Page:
Workplace discrimination is a severe and highly prevalent problem. It’s based on certain prejudices and refers to the unfavorable treatment of an employee or job candidate because of age, disability, genetics, national origin, pregnancy, race or skin color, religion, or sex.

For instance, the employee has the required qualifications for the job but is turned down as she is about to be a mother.

Factors behind Discrimination

Almost every country has special laws to counter workplace discrimination. Our government has made discrimination in the workplace illegal by enforcing several relevant federal laws that protect individuals from threats. The threats involve the unfair treatment, harassment, denial of a reasonable workplace change, improper questions about or disclosure of a person’s genetic information or medical information, and retaliation.

Despite the presence of such regulations, a low percentage of workers reporting unfair treatment at their job are compensated in the form of money or change in work conditions.

The Center For Public Integrity, a nonprofit investigative newsroom in Washington, DC, analyzed eight years of complaint data from the EEOC. What they found was incompetency on the part of the organization, which closed most of the cases without any proper investigation. There was also no result on whether discrimination occurred or not.

The complaints were filed by the American workers for fiscal years 2010 through 2017, and more than a quarter of them came from black employees alleging racial discrimination.

Lack of Proper Investigation further Worsen the Conditions

The Commission maintains that it does not have the budget and staff to investigate thousands of discrimination cases. It says that the country’s labor force increased about 50 percent, to 160 million, while their funds are decreasing due to the outcomes of inflation.

The reason behind the state’s failure to provide justice to the victims of employment discrimination is simple and plain — the problem is not being addressed efficiently. That’s not country-specific but occurring on a global scale.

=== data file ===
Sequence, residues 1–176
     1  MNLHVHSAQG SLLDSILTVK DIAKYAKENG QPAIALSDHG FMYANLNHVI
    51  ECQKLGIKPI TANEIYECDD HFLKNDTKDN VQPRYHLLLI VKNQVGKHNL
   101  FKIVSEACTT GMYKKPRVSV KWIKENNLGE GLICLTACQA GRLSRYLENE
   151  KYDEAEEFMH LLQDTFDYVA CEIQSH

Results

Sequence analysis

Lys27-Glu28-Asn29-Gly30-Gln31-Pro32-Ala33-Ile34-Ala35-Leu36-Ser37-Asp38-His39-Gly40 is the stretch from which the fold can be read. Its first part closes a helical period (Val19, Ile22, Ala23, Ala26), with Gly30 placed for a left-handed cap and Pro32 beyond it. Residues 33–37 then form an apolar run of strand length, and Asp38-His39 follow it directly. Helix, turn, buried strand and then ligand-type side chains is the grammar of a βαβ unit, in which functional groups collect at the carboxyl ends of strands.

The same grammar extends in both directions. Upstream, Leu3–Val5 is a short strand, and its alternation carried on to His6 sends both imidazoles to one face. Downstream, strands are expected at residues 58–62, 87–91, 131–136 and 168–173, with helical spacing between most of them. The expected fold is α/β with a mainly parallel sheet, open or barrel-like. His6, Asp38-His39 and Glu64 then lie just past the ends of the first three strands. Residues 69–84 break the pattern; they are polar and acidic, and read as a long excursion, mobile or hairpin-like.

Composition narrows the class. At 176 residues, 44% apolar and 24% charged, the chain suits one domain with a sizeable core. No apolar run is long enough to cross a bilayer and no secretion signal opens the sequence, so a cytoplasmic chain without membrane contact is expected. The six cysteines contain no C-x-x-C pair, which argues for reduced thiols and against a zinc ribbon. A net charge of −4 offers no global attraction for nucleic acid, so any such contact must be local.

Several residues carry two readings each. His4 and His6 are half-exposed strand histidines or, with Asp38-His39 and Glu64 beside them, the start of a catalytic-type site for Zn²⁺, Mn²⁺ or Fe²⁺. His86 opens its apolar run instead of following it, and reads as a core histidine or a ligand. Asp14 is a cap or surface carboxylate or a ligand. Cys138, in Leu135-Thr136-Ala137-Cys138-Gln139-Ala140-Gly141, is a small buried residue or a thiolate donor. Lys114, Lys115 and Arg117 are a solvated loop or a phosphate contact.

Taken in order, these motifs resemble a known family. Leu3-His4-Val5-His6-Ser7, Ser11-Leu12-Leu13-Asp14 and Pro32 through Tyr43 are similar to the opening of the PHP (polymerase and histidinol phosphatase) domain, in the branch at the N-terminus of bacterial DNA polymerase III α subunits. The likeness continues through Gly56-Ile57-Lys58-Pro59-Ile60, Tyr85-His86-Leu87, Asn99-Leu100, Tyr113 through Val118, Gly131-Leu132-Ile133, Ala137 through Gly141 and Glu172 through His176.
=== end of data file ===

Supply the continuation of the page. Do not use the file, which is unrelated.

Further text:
Justice delayed is justice denied.

Why Discrimination Still Exist

If legal redress or equitable relief is not provided to the victim, the problem remains persistent, and it gets almost impossible to curb the menace. This is the most substantial reason that discrimination can still be found in most of the employment facets.

Weaknesses in the system have strengthened the imperil of discrimination in the workplace. Racial and religious slurs, leg-pulling, favorable treatments, and gender bias are prominent ways that make an employee’s life miserable at the workplace.

Agencies and institutions established to protect people from the ill-treatment of employers or their co-workers should work efficiently to prevent job discrimination. Their failure to do so can have troublesome consequences both for the employee and society as a whole. Money is a necessity, and a person can only earn it if he can work in a respected and peaceful environment.

Effects of Discrimination on Workers

Clinical psychologists suggest that stress caused by workplace discrimination can lead to mental and physical health problems. Not only can this cause financial issues

The Bottom Line

Workplace harassment is immoral and should be accounted for. The world revolves around employees, and it is everyone’s responsibility to ensure they are being treated with respect and are not discriminated against.